5. Last but not the least. One of the things that most encompassed the weight of my trip..the Wenchuan Earthquake. A natural disaster hits a country at least once in a person’s life-span. Sometimes, it’s the kind of thing that people don’t take notice of…unless they’re the ones who are greatly affected themselves. Since typhoons frequent the Philippines, it’s something that we really don’t fuss over despite the damages it costs annually. Even natural disasters that happen in other countries, sometimes get pushed aside and are gone unrecognized. But being in China when the earthquake happened, has changed my views on a lot of apathetic behavior I have had or have seen in others over the years.
No, I am not injured in any physical way. I would say that I was quite lucky that nothing happened to me despite the enormity of the earthquake’s damage. In all honesty, I didn’t even feel the earthquake, and was busy shopping in an underground mall when it happened. Even when we were later told of the earthquake, it didn’t strike me as anything serious till I found out how strong it actually was.
Everyday on CCTV International, and many other local CCTV channels, I would watch to update myself on the situation in Wenchuan and other affected areas. It was really sad. I watched how in one week, the death toll rose from 8000 to 51,151 (the day before I left to come back home). It was more than just sad watching everything that was happening. There was even a 3-day mourning, with all available channels on TV tuned in to news about the earthquake. Most especially on CCTV International, there was always a live update on the situation in the affected areas. Sometimes, stories about saved survivors would pop up, and it would make me cry when I would hear their experiences and hopes while under the rubble. Most of the time though, you would hear how people lost their family members in that sudden magnitude 8 earthquake (it was first registered at magnitude 7.8). Eventually, my roommate got too tired from hearing me tune in to the news that during the time I set aside for watching television, she would stay in our friend’s room to concentrate on what she needed to do.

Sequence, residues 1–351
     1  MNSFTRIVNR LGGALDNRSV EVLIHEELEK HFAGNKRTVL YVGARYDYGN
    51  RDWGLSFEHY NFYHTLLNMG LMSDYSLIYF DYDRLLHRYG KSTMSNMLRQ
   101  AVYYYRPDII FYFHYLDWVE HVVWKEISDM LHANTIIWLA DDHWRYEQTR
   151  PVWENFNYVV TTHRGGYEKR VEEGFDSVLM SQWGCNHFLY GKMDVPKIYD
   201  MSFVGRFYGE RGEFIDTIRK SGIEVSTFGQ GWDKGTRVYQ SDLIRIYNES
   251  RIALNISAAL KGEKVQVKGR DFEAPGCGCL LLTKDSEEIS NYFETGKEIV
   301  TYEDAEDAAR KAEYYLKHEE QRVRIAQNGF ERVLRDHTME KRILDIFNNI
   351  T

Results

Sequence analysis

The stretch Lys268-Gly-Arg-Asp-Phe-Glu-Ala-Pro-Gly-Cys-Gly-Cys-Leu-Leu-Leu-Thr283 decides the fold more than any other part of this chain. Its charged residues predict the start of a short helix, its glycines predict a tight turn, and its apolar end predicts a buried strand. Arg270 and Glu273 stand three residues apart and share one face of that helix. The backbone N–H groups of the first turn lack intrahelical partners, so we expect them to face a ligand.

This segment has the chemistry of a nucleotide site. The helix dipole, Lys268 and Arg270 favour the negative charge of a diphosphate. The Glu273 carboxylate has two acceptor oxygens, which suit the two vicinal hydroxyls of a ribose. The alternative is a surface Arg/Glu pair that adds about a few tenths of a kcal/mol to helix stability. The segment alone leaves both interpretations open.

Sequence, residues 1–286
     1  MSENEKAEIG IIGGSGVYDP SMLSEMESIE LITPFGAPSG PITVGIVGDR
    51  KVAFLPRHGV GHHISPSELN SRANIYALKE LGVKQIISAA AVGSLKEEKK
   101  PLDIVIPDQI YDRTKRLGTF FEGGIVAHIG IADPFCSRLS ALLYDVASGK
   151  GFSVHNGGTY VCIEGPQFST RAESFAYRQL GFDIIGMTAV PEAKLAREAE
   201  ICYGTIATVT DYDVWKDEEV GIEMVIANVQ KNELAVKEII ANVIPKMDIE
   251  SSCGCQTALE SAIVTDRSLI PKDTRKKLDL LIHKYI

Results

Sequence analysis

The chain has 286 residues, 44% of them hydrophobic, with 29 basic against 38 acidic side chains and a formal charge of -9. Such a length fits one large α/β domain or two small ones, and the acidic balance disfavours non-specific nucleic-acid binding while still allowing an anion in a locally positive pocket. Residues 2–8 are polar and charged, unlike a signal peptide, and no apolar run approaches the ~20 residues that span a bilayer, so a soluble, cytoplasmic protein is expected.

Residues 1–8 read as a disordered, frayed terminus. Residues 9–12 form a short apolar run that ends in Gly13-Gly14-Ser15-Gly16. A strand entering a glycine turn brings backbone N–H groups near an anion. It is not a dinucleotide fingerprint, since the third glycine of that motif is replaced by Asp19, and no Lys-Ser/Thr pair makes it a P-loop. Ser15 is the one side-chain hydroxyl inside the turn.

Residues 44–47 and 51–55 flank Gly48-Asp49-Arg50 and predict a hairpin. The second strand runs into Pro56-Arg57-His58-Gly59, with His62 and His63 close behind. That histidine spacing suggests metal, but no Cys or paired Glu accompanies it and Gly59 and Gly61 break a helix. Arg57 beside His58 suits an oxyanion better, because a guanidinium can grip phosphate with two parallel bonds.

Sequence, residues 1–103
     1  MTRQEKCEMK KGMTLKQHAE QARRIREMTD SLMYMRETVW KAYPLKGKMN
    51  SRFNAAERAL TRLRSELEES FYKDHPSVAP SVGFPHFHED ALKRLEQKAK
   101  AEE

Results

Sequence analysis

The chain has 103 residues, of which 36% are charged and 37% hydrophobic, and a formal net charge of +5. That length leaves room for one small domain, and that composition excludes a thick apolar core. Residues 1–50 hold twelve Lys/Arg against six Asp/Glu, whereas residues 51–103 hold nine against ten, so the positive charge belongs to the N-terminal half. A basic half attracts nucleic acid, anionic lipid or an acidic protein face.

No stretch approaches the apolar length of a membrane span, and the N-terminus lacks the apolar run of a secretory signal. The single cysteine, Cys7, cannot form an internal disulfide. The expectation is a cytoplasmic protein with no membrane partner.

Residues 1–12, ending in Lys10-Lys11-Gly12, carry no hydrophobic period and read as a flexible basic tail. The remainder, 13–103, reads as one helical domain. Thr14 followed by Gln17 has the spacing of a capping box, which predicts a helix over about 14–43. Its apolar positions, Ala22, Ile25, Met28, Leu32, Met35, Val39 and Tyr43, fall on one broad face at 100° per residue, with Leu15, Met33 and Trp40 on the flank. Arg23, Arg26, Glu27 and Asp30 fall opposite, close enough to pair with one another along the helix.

Many of the students in our university donated money. As well as many people from other universities, and adults on the streets, everywhere. During that time of need, people came together to help in any way they could. I even heard that those who volunteered to help the survivors in Sichuan Province had to make a will before they went, in case something happened to them. It’s really great how everyone is offering their aid to help the people there. The only sad thing is that I can no longer update myself as much seeing as we have no CCTV on our cable. I can only pray and hope that there are a lot more survivors and that everyone I love, and even those whom I don’t know, are safe in China.
I guess that’s it. Thanks for putting up with my really long entry. There’s a lot that I wanted to write while I was in China that I didn’t get to write about. Sadly, none of my China friends can see how much I miss them through my blogs since both this and livejournal is off-limits in China. Still, I wish them all good health and hope they know how much those 6 weeks has taught me, both inside and outside of the classroom.